The U.S. Department of Agriculture has made it official: certain gene-edited crops can be cultivated and sold in markets without the need for regulation.
In a statement released Wednesday by the USDA, U.S. Secretary of Agriculture Sonny Perdue said that the agency would not be regulating gene-edited crops.
According to the secretary, they will allow crops created using CRISPR as long as they “could have been developed using traditional techniques and they are not plant pests or developed using plant pests.”
The agency views gene-editing technology as a faster way of breeding. So, as long the alteration can be made in a crop, it’s free of hindering regulation. This ruling may include simple gene deletions or insertion from a compatible plant relative that could make plants more resistant to diseases or produce bigger seeds.
This is not a new development in agriculture. It is possible for these adaptations to be achieved through traditional breeding methods, but only at a much slower pace.
“With this approach, USDA seeks to allow innovation when there is no risk present,” Perdue said while also citing that they won’t be turning their backs from their responsibilities.
“At the same time, I want to be clear to consumers that we will not be stepping away from our regulatory responsibilities. While these crops do not require regulatory oversight, we do have an important role to play in protecting plant health by evaluating products developed using modern biotechnology. This is a role USDA has played for more than 30 years, and one I will continue to take very seriously, as we work to modernize our technology-focused regulations.”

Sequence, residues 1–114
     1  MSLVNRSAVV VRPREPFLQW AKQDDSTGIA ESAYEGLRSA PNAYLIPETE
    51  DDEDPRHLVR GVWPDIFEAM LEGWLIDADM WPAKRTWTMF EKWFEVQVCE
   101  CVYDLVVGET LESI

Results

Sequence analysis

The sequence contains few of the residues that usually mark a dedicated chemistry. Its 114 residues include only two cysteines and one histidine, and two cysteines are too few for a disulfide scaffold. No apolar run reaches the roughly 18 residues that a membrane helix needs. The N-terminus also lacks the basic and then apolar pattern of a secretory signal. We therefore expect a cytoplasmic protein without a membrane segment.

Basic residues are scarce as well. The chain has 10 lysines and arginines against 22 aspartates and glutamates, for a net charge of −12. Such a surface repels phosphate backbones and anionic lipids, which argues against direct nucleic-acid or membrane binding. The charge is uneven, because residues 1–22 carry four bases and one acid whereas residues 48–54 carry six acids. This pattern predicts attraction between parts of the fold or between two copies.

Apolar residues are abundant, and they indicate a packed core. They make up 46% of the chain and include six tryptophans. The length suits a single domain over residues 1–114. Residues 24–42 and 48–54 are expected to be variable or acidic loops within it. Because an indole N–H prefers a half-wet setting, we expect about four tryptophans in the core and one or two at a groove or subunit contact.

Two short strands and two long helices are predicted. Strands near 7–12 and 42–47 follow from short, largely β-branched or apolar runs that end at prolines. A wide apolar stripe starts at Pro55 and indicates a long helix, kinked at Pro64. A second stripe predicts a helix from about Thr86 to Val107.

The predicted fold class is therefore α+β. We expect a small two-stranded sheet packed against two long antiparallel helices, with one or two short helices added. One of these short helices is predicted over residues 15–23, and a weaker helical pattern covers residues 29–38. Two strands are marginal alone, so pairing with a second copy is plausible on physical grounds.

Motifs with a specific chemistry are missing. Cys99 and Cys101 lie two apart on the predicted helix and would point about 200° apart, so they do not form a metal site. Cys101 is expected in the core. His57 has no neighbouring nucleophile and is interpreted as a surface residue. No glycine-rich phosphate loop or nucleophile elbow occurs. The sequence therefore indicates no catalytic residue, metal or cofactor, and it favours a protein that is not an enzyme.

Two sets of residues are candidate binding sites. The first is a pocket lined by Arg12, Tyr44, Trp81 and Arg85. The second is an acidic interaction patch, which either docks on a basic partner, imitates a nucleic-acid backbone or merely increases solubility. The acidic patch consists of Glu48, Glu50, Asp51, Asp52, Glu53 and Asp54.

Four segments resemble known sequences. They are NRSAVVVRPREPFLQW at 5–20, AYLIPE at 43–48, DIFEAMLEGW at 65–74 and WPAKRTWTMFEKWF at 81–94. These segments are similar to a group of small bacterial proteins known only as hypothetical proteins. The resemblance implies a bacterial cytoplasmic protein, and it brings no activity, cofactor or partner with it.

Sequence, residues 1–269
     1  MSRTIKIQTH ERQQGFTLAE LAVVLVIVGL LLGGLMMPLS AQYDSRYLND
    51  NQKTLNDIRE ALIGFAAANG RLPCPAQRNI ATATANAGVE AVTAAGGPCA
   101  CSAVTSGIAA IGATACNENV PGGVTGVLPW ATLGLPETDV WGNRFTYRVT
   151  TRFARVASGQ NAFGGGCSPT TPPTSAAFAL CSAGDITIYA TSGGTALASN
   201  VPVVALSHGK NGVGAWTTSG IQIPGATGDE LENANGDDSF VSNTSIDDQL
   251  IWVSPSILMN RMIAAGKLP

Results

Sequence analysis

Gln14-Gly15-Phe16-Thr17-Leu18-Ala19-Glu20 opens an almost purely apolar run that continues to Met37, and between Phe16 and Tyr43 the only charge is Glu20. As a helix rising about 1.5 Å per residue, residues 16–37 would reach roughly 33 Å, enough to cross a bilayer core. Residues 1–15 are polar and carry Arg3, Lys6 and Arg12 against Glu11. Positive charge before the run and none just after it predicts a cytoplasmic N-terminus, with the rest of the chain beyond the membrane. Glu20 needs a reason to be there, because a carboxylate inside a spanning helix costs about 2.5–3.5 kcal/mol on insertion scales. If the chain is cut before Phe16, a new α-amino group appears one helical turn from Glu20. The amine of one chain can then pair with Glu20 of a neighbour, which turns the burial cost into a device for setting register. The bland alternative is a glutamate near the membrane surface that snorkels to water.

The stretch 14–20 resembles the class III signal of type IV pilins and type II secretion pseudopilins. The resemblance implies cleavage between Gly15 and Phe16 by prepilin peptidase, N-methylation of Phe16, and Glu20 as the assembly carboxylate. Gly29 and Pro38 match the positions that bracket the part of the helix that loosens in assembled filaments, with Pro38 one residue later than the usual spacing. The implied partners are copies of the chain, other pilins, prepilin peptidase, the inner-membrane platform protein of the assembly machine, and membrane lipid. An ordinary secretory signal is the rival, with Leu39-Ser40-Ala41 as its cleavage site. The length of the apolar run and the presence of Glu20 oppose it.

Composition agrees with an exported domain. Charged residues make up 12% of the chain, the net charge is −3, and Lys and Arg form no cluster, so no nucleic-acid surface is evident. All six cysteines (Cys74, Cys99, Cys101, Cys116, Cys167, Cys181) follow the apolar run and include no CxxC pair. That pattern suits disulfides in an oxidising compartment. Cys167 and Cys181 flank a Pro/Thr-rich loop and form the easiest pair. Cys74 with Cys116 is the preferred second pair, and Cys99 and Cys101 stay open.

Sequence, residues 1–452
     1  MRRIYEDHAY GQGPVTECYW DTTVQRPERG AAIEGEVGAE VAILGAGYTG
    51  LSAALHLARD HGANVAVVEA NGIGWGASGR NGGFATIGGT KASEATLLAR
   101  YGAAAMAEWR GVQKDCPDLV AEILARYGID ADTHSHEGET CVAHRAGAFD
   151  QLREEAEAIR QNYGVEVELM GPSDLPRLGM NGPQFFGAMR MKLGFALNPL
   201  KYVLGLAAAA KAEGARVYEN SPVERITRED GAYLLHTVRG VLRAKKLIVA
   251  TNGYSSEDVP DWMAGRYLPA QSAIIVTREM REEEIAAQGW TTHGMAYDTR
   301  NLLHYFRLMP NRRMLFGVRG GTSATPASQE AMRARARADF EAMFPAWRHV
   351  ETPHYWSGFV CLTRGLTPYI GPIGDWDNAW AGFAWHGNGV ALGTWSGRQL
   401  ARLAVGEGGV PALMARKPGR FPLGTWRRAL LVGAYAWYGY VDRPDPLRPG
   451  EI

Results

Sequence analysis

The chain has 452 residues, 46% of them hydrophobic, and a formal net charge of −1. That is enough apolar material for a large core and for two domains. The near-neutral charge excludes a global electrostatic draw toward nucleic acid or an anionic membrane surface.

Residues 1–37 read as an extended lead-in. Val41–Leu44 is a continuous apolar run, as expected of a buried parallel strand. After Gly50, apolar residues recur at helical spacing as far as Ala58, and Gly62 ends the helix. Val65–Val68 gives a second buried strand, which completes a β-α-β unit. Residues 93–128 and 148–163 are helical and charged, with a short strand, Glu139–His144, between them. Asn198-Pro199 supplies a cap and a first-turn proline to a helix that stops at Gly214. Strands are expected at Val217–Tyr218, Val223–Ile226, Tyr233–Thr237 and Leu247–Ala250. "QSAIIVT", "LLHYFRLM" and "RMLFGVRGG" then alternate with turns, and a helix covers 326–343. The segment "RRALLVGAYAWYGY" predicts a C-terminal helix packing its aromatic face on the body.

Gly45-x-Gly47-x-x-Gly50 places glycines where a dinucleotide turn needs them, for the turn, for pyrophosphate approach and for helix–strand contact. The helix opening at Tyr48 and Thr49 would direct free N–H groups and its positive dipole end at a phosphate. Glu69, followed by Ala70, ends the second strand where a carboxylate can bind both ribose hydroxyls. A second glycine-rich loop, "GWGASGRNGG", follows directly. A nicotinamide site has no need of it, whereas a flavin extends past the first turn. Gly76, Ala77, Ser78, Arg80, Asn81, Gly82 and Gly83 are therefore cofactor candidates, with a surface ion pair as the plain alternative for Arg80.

Following the USDA’s official statement, Calyxt Inc., an agriculture-focused company, has announced that their gene-edited crop has been declared a non-regulated article under the so-called “Am I Regulated?” procedure of the USDA’s Biotechnology Regulatory Services of the Animal and Plant Health Inspection Service (APHIS).
Calyxt’s high fiber wheat product was produced through the company’s gene-editing technology called TALEN. The crop is currently in Phase 1 of the development process and is set to be commercially available as early as 2020.
“Calyxt’s high fiber wheat flour will have up to three times more dietary fiber than standard white flour, with enormous potential to disrupt the multi-billion-dollar industry at large,” Manoj Sahoo, Calyxt CCO, said.
Calyxt’s fiber wheat flour is just one of the many gene-edited crops that will soon hit the market free of USDA’s regulations.
“Using this science, farmers can continue to meet consumer expectations for healthful, affordable food produced in a manner that consumes fewer natural resources. This new innovation will help farmers do what we aspire to do at USDA: do right and feed everyone,” Purdue further said.